Provisional Patent Software: Everything You Need to Know
Until recently, there was debate over whether an inventor could file a provisional software patent.3 min read
Provisional Patent Software
Until recently, there was debate over whether an inventor could file a provisional software patent. It was not until 2014 when both the United States Patent and Trademark Office (USPTO) and the court system started implementing a two-part test to determine whether provisional patent applications for software were valid.
What is a Provisional Patent?
A provisional patent is somewhat of a misnomer. There is no such thing as a provisional patent, but rather a provisional patent is technically a provisional patent application, since a provisional patent application cannot result in an issued patent on its own.
One of the purposes of a provisional patent application is to give the inventor time to save enough money to get through the more rigorous patent review process and to continue working on his or her invention, with the ultimate goal being of filing a non-provisional patent application.
Because there are no explicit requirements, a provisional patent application is much cheaper to file than a non-provisional patent application. An inventor does not need to consult a patent attorney to file a provisional patent application, and the U.S. Patent Office does not even analyze the application in depth. All the U.S. Patent Office does is tell the inventor if the application is complete or not complete. Once the inventor files a non-provisional patent application based off of the provisional application, then the U.S. Patent Office will start the more rigorous process of reviewing the application.
Applying for a provisional patent application has many benefits. For software specifically, it gives the inventor a year to decide whether to file a non-provisional patent application, during which the federal government could modify the rules governing software patents.
More generally, because the United States is now a “first to file” country, as opposed to a “first to invent,” country, applying for a provisional patent can trigger the statutory bar deadlines and gives the inventor some protections. It is a way to establish what’s called “priority.” A priority date is used to help determine an invention’s newness, or novelty, which is one of the requirements for a patentable product. That is why it’s important that as soon as you have a tangible product that you can describe in detail, you should file for a provisional patent application. As soon as you file a provisional patent application, you can then say you have a pending patent. If the U.S. Patent Office ends up issuing you a patent, your product will then be protected for up to twenty years.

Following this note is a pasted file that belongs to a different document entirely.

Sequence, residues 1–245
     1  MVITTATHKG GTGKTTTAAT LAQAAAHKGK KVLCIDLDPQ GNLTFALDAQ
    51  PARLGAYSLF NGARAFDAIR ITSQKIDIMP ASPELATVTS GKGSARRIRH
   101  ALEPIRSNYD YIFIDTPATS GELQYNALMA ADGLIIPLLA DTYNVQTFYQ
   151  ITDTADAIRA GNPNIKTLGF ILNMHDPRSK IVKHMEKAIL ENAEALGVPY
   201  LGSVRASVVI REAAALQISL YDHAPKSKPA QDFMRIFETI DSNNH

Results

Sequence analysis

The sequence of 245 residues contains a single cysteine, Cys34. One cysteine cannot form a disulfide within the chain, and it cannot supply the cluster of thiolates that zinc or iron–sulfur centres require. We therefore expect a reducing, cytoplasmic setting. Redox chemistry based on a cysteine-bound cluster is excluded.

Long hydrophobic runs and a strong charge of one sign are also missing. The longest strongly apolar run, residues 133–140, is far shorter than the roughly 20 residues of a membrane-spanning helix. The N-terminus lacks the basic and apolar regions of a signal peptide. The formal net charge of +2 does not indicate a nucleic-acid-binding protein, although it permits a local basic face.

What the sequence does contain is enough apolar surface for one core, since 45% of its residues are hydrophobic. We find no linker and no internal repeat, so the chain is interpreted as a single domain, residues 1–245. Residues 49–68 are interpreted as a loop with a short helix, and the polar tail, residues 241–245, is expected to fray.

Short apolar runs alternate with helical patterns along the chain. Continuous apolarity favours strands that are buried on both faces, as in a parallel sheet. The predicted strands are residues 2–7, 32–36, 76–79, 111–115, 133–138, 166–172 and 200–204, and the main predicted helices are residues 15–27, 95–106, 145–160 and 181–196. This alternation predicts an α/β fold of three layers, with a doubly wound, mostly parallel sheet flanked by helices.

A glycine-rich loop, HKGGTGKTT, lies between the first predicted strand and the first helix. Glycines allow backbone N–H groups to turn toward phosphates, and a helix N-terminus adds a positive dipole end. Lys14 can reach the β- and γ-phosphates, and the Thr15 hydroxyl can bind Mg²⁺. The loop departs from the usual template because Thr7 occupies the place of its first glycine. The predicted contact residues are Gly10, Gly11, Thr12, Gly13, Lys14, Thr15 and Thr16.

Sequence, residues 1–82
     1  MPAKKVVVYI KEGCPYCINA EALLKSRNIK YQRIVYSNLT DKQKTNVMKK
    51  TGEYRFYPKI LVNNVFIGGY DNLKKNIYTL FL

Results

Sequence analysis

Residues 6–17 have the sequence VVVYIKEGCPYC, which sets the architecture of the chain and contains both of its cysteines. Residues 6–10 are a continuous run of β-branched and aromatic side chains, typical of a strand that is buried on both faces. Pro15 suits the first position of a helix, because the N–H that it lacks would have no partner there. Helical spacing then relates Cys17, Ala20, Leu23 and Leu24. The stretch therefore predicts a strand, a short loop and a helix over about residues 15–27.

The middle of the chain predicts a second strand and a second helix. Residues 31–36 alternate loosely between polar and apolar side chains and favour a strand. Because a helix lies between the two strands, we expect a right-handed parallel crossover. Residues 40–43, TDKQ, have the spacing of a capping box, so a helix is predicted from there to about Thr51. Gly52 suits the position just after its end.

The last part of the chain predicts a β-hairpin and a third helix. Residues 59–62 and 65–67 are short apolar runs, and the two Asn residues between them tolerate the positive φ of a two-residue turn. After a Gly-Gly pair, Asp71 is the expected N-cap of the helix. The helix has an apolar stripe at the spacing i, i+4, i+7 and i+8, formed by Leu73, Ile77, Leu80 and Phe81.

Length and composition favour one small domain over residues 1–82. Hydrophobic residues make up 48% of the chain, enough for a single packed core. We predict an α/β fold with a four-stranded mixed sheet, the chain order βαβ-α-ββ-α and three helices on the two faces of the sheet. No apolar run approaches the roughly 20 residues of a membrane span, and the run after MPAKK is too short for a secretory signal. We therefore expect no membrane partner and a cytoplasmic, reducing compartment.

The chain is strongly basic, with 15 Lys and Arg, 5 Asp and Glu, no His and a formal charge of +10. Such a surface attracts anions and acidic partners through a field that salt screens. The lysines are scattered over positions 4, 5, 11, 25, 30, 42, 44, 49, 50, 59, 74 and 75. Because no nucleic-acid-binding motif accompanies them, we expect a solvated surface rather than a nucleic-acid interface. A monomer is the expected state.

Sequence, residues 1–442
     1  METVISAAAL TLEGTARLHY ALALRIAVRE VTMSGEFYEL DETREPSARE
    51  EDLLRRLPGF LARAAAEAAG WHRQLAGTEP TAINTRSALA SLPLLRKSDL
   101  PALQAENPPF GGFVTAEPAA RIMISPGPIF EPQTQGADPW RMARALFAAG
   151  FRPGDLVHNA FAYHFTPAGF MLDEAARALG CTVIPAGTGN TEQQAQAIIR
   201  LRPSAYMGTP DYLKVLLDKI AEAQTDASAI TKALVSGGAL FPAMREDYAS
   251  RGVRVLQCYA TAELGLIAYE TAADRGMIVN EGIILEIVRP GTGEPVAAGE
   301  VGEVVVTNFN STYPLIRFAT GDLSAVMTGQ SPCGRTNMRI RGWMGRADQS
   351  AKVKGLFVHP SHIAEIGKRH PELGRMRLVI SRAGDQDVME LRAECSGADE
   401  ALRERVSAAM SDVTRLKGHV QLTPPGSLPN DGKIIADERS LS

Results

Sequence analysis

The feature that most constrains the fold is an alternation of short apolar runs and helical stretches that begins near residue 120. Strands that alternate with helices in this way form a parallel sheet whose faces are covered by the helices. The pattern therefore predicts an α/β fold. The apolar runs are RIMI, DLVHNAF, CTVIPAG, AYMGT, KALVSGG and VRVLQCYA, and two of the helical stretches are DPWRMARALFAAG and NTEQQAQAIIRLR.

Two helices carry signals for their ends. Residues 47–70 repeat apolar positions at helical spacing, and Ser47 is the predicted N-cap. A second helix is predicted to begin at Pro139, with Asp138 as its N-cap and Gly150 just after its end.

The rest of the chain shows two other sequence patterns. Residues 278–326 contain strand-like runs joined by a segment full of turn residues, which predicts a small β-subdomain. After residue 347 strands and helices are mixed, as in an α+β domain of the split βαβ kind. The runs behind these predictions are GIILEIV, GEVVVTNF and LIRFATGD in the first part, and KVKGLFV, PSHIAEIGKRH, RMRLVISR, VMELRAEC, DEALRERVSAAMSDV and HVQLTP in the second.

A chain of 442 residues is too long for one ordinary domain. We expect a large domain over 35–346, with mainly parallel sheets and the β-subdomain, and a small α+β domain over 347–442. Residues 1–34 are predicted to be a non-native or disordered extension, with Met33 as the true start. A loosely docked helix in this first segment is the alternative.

Can I Patent a Software Product?
In 2014, the U.S. Patent Office and the Supreme Court of the United States took up the issue of software patents. In deciding whether or not a software could be patented, they followed a two-part test:
• Are the patent claims directed towards an abstract idea?
• Do the claims contain an inventive aspect that would transform the abstract idea into a tangible product that could be considered patentable?
The United States Supreme Court, in applying this two-part test, has ruled that an abstract idea, by itself, is not sufficient to meet the requirements of a patentable product. The Court and the U.S. Patent Office give more weight to the first part of the test.
It is often hard to predict what types of software the U.S. Patent Office will deem abstract versus eligible. As of late, the U.S. Patent Office has stalled somewhat on reviewing some of its software patent applications. It has yet to be determined if this will change once the U.S. Patent Office revises its patent examination guidelines to include recent court decisions and policy guidelines. However, one category of software patents that have consistently remained patentable is any software that impacts the operation of the computer itself.
How to File a Provisional Patent Application
There is no formal application form that you have to fill out when filing for a provisional patent application. However, many people use the non-provisional application forms as a guide, or turn to templates that are easily accessible on the internet. Provisional patent applications do not need to be as detailed as a non-provisional application, and the U.S. Patent Office will merely tell you if it is complete or not complete, as opposed to analyzing every substantive aspect of the application.
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